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Who loses the EMR adoption race???

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Who loses the EMR adoption raceOnly one in five, or 20 per cent, of American doctors uses electronic medical records, the New England Journal of Medical reported this month, and less than nine per cent of practices with three or fewer doctors use them. In Canada, according to the 2007 National Physician Survey, fewer than 10 per cent of doctors have switched entirely from paper to electronic records, though about a quarter use some combination of the two. The Conference Board of Canada last year released a survey of a dozen countries that confirmed information technology in Canada's health-care sector is in critical condition. In Australia, 79 per cent of doctors use electronic records. In the U.K., it's 89 per cent, and in New Zealand, 92 per cent.

Seems like Canada is in a tight race with the United States for an unwanted title: slowest adopter of electronic medical records in the developed world. The stubborn attachment to old fashioned filing cabinets is unfortunate. Digitizing medical records reduces medical errors, improves preventative care and saves administration costs, and Canada is so far behind most other countries in this area that it's embarrassing.

Making the switch isn't easy. Doctors have to upgrade computers, purchase new software, train staff and pay for technical support. Health care professionals are overworked as it is; it's no surprise they are reluctant to undertake the costly and laborious process of going digital. As well, some privacy advocates, who at the best of times are suspicious of new technology, worry that patients' health information would be less secure if stored electronically.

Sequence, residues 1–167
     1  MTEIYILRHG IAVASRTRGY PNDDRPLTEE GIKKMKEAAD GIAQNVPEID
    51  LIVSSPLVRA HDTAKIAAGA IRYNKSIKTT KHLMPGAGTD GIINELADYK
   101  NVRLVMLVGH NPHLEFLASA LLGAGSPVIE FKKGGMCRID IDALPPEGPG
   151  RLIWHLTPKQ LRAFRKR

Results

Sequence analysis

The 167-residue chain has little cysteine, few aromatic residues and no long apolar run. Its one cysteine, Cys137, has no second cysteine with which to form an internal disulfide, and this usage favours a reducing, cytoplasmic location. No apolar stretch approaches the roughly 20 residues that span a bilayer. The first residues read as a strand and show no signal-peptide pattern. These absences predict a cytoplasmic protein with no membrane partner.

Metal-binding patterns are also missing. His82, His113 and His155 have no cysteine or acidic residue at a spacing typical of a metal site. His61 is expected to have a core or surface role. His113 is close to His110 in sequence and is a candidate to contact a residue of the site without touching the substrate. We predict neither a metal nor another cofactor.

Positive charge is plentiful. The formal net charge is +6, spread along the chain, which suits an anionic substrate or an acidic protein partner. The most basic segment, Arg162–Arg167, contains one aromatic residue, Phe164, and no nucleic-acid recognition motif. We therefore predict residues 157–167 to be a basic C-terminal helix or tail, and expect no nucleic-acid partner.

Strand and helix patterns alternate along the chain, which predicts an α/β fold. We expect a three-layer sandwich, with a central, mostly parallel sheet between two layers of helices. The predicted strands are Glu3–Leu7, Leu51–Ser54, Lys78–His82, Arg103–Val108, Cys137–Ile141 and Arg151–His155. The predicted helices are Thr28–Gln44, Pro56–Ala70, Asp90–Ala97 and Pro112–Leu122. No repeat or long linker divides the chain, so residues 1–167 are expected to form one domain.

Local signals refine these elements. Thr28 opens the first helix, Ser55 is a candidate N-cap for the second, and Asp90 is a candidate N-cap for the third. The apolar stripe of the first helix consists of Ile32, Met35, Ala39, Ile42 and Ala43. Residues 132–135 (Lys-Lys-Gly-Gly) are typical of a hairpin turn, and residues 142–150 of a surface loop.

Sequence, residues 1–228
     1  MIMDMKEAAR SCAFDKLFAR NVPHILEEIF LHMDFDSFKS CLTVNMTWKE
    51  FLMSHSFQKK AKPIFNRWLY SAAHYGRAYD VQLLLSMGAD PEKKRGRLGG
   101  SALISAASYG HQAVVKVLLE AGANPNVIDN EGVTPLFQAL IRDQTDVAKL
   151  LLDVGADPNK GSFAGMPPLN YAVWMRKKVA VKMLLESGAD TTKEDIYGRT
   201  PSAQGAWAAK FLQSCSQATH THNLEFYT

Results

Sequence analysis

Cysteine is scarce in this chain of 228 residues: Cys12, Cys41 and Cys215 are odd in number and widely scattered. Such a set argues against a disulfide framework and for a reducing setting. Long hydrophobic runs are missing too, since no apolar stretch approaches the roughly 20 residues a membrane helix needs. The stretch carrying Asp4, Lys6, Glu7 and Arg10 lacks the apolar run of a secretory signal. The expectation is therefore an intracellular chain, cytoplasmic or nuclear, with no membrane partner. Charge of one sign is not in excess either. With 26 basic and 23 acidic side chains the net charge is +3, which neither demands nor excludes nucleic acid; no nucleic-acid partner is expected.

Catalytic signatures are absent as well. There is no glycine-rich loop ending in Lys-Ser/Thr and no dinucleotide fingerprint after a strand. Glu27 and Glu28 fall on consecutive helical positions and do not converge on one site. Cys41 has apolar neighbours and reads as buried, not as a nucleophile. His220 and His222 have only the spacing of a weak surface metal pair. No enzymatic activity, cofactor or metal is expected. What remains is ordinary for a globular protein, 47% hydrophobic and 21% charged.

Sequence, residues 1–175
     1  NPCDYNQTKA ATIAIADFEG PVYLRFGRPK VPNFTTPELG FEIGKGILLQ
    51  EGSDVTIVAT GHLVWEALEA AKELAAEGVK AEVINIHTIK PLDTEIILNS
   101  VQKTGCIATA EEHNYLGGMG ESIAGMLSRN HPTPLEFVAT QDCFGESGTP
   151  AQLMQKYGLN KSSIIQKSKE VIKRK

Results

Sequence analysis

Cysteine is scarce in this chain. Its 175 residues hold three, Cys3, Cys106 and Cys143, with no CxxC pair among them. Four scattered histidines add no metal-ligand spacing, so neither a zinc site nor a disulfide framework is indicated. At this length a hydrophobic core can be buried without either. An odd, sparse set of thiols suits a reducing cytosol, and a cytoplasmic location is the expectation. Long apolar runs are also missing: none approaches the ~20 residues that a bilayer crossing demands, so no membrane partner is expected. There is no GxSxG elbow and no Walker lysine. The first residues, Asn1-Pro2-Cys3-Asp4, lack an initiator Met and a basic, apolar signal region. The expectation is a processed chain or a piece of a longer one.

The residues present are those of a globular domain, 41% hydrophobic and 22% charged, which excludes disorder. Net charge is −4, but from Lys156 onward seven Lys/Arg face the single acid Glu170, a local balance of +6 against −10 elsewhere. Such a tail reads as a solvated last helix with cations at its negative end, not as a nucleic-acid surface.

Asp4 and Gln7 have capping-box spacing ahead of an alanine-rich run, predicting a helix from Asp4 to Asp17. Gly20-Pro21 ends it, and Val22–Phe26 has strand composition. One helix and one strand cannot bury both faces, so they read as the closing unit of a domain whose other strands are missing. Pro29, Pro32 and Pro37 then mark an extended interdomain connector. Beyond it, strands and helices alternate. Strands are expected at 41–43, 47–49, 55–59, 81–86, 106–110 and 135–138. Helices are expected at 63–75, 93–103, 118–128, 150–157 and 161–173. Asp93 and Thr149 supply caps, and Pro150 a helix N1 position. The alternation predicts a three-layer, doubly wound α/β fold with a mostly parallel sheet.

The benefits to patients and workers, however, are too great to ignore. In this sense, the situation is analogous to that facing other industries, which deal not with patients but with customers. Electronic records can automatically generate warnings about dangerous drug interactions and allergies, which doctors sometimes miss and that account for some of the "adverse events" that make hospitals dangerous places for patients. Digital records can store a greater amount of data, allowing for the inclusion of such things as care guidelines tailored to each patient's age, demographic and medical history. Adapting to technologies requires an outlay of money and resources, but without these investments it will be impossible to remain productive.

In a single-payer health care system like Canada's, perhaps the greatest benefit of going digital would be connectivity. Family practices, hospitals, clinics and pharmacies could all be linked by a common network. Countries that have implemented such a system have reported a drop in duplicate lab tests, prescription errors and administration costs. In Denmark, family doctors who switched to electronic records save nearly an hour a day because they no longer have to phone hospitals for clarification on patients' conditions.

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Last Updated ( Wednesday, 02 July 2008 20:50 )  

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